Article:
1559 at Strype`s Ann. I. i. App. xvi, “The diversity of our fasting is all the greater because our faith is good. You can say “agree with someone,” but it is more formal and much less common than “agree”: I don`t think “agreement” is a generally accepted word. That is not to say that it is not used in certain environments or regions, but I do not remember hearing or reading it, and it seems strange to me. I would never use it myself. When you say “humans in my territory,” are you talking about a particular geographical area, profession or discipline? I`m curious about this group that uses the word.
To be safe, I will continue to use the “agreement.” “Concordance between experimental observations and theory” Have I always used both; If we agree, we should sign the agreement. One shows that we feel that we agree and that we are in favour of ratification of this agreement. I didn`t use it much. Agreeance is a word that seems constantly reinvented and recycled. The term first appeared in the 16th century and enjoyed its greatest popularity in the 18th and early 19th century. Since then, it has not been used. Undoubtedly without knowing the history of the word, modern writers, who rename the term, seem to like sound, although it adds nothing to its working horse counterpart, the chord. The suffix “ance” is indeed used in English to form many verb names: z.B. Appearance, acceptance, performance and transfer.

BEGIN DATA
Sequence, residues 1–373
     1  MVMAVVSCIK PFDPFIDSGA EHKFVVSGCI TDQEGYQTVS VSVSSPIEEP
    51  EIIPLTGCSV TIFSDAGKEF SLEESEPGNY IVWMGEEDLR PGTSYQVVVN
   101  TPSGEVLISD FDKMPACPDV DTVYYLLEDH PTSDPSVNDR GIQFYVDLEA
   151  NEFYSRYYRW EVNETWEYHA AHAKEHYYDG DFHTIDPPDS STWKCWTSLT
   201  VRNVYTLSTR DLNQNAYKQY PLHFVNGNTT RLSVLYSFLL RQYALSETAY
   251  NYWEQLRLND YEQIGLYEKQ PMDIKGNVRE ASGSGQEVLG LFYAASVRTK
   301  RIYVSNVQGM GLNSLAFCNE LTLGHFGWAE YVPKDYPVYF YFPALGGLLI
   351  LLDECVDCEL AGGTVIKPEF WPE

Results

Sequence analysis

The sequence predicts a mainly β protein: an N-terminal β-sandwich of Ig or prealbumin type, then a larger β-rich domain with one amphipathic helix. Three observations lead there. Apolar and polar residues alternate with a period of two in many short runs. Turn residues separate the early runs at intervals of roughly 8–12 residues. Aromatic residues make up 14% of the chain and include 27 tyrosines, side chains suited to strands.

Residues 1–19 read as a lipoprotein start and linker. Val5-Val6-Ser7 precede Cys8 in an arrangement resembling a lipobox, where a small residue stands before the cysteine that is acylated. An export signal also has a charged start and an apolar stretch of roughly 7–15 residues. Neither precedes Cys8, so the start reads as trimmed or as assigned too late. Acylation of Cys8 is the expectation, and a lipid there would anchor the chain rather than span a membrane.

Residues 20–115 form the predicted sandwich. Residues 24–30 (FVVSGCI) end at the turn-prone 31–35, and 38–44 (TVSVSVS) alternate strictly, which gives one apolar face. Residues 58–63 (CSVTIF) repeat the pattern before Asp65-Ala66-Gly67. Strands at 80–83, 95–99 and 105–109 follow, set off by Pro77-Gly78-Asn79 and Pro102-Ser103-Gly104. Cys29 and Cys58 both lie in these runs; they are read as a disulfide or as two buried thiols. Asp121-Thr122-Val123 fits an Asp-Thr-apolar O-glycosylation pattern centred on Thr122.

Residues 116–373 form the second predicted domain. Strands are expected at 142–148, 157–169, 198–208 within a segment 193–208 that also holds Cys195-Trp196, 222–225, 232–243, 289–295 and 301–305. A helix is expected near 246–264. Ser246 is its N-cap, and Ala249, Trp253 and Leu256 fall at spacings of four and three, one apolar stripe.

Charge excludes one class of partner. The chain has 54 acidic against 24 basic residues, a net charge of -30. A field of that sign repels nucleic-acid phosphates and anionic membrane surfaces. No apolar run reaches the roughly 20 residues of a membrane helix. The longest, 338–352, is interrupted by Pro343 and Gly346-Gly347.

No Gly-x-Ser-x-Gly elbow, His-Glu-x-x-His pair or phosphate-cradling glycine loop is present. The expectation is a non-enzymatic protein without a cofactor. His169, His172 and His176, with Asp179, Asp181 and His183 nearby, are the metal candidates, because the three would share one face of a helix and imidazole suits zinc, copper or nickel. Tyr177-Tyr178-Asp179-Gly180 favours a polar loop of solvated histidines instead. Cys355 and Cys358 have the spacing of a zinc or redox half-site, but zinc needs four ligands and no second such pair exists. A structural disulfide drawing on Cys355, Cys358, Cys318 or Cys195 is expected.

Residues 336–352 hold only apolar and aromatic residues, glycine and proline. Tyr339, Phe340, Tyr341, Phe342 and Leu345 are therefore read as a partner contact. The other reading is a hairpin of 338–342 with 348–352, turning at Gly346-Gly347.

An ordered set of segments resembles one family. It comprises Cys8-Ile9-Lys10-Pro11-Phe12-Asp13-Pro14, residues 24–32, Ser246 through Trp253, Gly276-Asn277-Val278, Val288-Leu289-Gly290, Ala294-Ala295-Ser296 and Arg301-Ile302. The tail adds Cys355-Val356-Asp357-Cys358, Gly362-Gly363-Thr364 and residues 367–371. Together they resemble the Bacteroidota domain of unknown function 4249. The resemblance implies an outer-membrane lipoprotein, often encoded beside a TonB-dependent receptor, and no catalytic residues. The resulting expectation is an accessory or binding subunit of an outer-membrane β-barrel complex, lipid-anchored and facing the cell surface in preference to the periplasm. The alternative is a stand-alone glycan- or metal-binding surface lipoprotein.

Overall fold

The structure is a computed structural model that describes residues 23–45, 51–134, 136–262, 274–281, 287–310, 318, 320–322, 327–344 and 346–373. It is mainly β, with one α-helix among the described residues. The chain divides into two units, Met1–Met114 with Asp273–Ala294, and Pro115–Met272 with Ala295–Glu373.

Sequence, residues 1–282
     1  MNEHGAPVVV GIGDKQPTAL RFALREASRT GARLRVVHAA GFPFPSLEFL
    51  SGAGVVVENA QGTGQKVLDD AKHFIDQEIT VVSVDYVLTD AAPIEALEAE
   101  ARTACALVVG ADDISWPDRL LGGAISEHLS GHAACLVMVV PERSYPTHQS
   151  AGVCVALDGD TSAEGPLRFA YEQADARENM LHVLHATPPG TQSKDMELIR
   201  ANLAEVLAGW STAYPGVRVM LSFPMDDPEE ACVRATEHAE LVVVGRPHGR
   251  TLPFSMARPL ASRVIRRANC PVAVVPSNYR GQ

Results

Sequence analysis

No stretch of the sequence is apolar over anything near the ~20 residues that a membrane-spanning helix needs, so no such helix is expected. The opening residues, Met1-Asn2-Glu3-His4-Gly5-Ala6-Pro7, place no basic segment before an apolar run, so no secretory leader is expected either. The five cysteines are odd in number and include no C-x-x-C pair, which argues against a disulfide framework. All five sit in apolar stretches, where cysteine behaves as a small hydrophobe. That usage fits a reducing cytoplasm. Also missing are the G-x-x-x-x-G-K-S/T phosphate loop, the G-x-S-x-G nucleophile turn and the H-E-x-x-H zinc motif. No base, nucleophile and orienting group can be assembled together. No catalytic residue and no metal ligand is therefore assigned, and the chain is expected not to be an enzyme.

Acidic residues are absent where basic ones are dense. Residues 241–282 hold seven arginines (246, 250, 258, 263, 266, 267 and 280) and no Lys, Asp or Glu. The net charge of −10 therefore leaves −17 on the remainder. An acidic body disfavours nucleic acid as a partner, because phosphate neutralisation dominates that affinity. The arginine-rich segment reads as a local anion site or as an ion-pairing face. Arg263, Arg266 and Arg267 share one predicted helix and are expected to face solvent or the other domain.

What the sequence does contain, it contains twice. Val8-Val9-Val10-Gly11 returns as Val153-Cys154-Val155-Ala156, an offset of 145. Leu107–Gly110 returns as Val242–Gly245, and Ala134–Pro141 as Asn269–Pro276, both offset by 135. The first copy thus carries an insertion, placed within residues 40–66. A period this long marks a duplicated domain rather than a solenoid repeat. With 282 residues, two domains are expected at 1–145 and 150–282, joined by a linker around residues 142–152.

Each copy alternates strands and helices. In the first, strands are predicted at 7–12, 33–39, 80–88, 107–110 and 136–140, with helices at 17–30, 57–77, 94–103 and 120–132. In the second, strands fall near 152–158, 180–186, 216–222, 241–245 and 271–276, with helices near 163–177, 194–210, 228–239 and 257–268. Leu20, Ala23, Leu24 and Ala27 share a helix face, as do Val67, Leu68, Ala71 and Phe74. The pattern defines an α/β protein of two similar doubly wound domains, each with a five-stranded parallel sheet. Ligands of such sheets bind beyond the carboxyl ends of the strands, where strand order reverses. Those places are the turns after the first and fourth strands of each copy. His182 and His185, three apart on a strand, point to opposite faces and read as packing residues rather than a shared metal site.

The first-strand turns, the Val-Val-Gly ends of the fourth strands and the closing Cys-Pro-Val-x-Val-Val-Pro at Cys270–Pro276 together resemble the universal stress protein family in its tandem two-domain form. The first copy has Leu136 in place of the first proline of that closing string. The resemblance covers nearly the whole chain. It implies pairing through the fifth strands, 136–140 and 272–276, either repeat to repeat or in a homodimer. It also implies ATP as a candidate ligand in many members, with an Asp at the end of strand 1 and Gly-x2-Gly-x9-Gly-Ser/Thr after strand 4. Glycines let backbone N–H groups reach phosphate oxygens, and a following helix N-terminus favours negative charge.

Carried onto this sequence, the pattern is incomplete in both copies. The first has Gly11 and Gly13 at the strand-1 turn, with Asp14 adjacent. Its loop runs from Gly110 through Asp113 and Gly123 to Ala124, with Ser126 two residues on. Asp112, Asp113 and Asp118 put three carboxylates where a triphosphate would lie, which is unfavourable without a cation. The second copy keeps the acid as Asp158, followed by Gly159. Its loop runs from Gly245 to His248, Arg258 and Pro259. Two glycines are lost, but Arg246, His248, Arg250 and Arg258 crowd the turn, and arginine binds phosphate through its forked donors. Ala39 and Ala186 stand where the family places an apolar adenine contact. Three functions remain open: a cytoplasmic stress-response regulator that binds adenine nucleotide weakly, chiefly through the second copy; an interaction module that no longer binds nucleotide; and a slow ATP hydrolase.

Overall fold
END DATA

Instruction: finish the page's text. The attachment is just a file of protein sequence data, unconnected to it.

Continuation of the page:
While there is no rule that votes for training, the footprint may seem original or pretentious to some people. We almost ended up with “okay,” and then some damn Redneck had to mix “agreement” and “acceptance” and we`re back where we started. Sometimes word creation becomes second nature. If someone wants to accept someone, it is instinctive to take the word “agree” and turn them into a nostunon. Because of the nature of a vowel that ends with a word like “accept,” a natural step might be to transform “consent” into “convention,” regardless of its possible irregularity in the transformation between parts of the language. Its rise is, I suppose, a symptom of declining literacy. The Americans are nothing but ingenious. People know the verb to consent, and they know how to make abstract nouns with the use of -ance, and therefore people, especially in the spoken media, turn to consent as a substitute, in the absence of the standard appointment agreement. I first heard it at my favorite Omaha sports station, 1620 The Zone/KOZN (discussion of the sad state of Nebraska football).